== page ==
Foodie and Modern Family star Jesse Tyler Ferguson is a dream in his one-man Broadway show Fully Committed—or a nightmare, if you weren’t wanting to dredge up memories of former service industry jobs. Managing the reservation line and playing all forty of the characters—from desperate patrons to an egomaniac chef—Fully Committed is a hilarious, touching peek behind the curtain of restaurant life. We spoke with Jesse about the show, what he’s learned about the service industry through playing this role, and the one area where LA dining has New York beat.
In this one-man show, you play 40 different characters. What is the preparation like?
This was unlike any role I have ever had to prepare for because I had the responsibility of creating not one role but forty unique individuals. I started by finding the voices of the characters. I worked with a dialect coach to create unique sounds for each of the characters. A lot of the prep was pure memorization. I had 90 plus pages of dialogue to learn. It was an overwhelming task but I just took the script in pieces. I gave myself plenty of time to learn the play—I started my personal work on the play about 7 months before the first preview performance.
Has Fully Committed changed any of your ideas about the service industry?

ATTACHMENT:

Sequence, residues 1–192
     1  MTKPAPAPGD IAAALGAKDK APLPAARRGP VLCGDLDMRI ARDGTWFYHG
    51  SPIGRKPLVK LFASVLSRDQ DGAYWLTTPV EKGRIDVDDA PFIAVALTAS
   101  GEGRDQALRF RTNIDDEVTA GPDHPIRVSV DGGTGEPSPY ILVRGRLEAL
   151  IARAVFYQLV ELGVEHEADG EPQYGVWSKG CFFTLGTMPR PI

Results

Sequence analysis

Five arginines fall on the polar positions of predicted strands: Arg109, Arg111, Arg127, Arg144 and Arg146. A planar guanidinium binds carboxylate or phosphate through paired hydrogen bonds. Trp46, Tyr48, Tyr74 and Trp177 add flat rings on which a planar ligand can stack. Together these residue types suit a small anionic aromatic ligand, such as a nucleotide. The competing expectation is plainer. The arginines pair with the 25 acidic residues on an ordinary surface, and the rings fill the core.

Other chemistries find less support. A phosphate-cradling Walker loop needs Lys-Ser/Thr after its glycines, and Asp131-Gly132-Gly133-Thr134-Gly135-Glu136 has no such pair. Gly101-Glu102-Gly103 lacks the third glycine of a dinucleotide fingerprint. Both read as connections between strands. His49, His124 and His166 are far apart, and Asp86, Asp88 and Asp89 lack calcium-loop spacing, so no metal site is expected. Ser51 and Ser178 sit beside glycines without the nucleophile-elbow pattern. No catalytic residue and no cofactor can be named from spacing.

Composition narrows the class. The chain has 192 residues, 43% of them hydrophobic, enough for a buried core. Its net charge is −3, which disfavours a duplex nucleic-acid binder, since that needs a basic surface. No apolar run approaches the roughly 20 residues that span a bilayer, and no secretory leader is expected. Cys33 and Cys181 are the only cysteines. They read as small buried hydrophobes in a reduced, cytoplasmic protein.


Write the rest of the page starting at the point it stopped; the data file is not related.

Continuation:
I had the pleasure of meeting a lot of people who work behind the scenes of the food and wine industry. I visited quite a few reservationist offices so yeah, anytime I make a reservation somewhere or anytime I walk into a restaurant I am thinking about all the unsung people in those dingy offices who are helping to make the restaurant operate smoothly.
Is food a creative outlet for you? Do you find any creative similarities between cooking and acting?
I love cooking. I find it extremely relaxing. Sometimes when I am throwing a dinner party I can get in over my head and over prepare….but I love being able to bring family and friends together for a home cooked meal. I work a lot from cookbooks and recipes in magazines or online. I tend to repeat recipes and then tweak them to personalize them. Many of those ideas are on my food blog [jessetylerferguson.com]. I think cooking and acting draw from different pools of my creativity. I suppose there is sense of improv and thinking quickly on your feet in both cooking and acting.
Having relocated from LA with your husband Justin Mikita, perhaps you can settle this once and for all: Which food scene is better, New York or LA?
Well we are still mainly in LA. While doing the play we have been living in NYC. Both food scenes are very vibrant and I like them both for different reasons. I think there is a bit more classic refine experiences available in NYC. On the flip side, I haven’t found any sushi restaurants in NYC that rival those in LA. Sorry, I can’t choose which one is better.
Photos by Joan Marcus.